• Environment Ministry released funds to protect elephants for the elephant range States under Centrally Sponsored Schemes of Project Elephant.

Pradhan Mantri Kisan Samman Nidhi

  • The Prime Minister of India released the eighth instalment of payouts under the Pradhan Mantri Kisan Samman Nidhi (PM-KISAN).
  • PM-KISAN is a 100% centrally funded income support scheme that was announced in the Interim Budget for 2019-20, but it was implemented from December 1, 2018.
  • Every family owning not more than 2 hectares of cultivable land is entitled to receive Rs 6,000 per year via Direct Benefit Transfer (DBT) to their bank accounts in three equal instalments i.e Rs 2,000 each time.
  • Requirements – PM-KISAN spelt out that furnishing a proper land record and bank account details is necessary to become a beneficiary.
  • The beneficiaries need to have Aadhaar identification. An alternate list of identification documents has also been provided, as options.
  • Working – State governments are required to send correct and verified data of farmers, which State Nodal Officers (SNOs) authenticate and upload to the scheme portal in batches.
  • Based on the verified data, SNOs sign the Request For Transfer (RFT), with the total number of beneficiaries.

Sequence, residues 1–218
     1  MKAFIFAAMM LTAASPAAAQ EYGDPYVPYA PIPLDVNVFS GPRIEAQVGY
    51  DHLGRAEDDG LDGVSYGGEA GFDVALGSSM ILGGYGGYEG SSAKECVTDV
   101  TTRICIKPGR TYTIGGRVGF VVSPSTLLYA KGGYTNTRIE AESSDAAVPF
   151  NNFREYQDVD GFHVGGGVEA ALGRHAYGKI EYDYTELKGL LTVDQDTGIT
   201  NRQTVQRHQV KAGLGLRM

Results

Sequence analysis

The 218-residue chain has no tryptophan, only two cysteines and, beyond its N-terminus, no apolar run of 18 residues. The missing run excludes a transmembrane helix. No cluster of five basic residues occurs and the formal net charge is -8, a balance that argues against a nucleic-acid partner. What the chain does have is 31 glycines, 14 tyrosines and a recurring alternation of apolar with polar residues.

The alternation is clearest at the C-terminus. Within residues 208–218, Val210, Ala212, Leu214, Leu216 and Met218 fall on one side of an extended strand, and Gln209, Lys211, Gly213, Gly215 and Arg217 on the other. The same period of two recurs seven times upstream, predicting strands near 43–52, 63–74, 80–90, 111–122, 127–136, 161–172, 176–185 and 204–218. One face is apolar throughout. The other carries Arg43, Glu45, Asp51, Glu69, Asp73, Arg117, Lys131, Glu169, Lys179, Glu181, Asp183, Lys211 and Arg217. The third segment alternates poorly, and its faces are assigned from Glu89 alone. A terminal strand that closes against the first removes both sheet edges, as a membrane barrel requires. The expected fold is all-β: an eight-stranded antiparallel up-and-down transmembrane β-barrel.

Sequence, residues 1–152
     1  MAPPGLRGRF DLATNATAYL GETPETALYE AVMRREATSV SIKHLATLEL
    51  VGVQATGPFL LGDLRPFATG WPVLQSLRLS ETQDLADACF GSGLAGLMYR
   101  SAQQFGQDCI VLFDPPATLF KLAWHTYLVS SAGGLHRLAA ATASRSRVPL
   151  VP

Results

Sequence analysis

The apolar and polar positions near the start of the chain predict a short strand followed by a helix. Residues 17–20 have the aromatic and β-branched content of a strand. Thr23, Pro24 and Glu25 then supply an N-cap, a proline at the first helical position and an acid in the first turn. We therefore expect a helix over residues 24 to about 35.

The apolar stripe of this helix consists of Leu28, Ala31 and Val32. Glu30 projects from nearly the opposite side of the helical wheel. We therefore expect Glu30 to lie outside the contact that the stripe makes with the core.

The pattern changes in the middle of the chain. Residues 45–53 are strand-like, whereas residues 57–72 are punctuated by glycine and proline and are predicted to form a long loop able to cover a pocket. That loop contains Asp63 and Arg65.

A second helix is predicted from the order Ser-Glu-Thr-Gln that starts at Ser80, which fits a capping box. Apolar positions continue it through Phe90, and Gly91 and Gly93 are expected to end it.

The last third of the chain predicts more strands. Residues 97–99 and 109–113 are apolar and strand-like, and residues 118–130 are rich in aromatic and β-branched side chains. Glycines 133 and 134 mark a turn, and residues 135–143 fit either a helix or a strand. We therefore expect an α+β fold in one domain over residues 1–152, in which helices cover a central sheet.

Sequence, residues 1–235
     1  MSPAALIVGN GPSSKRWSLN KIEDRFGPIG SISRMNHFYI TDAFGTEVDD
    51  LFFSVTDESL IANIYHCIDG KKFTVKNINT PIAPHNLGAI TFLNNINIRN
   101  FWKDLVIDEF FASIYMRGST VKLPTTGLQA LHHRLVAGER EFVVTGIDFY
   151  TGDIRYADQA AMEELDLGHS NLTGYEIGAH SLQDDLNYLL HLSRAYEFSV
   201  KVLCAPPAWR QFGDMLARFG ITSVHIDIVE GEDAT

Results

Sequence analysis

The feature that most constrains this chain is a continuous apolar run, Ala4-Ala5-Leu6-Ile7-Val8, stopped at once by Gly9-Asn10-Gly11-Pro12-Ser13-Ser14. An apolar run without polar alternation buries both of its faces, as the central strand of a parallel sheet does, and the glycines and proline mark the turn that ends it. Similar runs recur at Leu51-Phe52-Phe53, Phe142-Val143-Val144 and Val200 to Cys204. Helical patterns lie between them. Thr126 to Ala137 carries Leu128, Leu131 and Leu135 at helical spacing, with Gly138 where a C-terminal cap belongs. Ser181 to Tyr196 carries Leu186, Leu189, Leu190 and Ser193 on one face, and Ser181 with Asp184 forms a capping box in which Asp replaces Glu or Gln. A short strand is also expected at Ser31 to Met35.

• The Public Finance Management System (PFMS) then issues a Fund Transfer Order (FTO).
  • Based on this, the Department of Agriculture, Cooperation & Farmers’ Welfare in the Ministry of Agriculture & Farmers’ Welfare issues the transaction order for the mentioned amount.
  • The money goes to the State Nodal Account maintained at a sponsor bank, and the PM-Kisan amount will be credited into the accounts of eligible farmers.

Pradhan Mantri Bhartiya Janaushadhi Pariyojana

  • Pradhan Mantri Bhartiya Janaushadhi Kendras (PMBJKs), Bureau of Pharma PSUs of India (BPPI) and other stakeholders have come together to fight against the second wave of Covid 19 pandemic.
  • Pradhan Mantri Bhartiya Janaushadhi Pariyojana (PMBJP) or Jan Aushadi Campaign was launched in 2008 by the Department of Pharmaceuticals, under the Ministry of Chemicals & Fertilizers.
  • Implementation agency of the scheme is the Bureau of Pharma PSUs of India (BPPI) under the Ministry of Chemicals & Fertilizers.
  • Exclusive outlets called PMBJKs were opened to make quality generic medicines available at affordable prices for all, particularly the poor and the disadvantaged.
  • It will create awareness about generic medicines through education and publicity so that quality is not synonymous with an only high price.
  • The scheme’s product basket has been expanded to cover around 650 medicines and around 150 surgicals and consumables.
  • A medicine under PMBJP is priced on the principle of a maximum of 50% of the average price of the top three branded medicines.
  • So, the price of Jan Aushadhi Medicines is cheaper at least by 50% and in some cases, by 80% to 90% of the market price of branded medicines.

Source: PIB, The Hindu,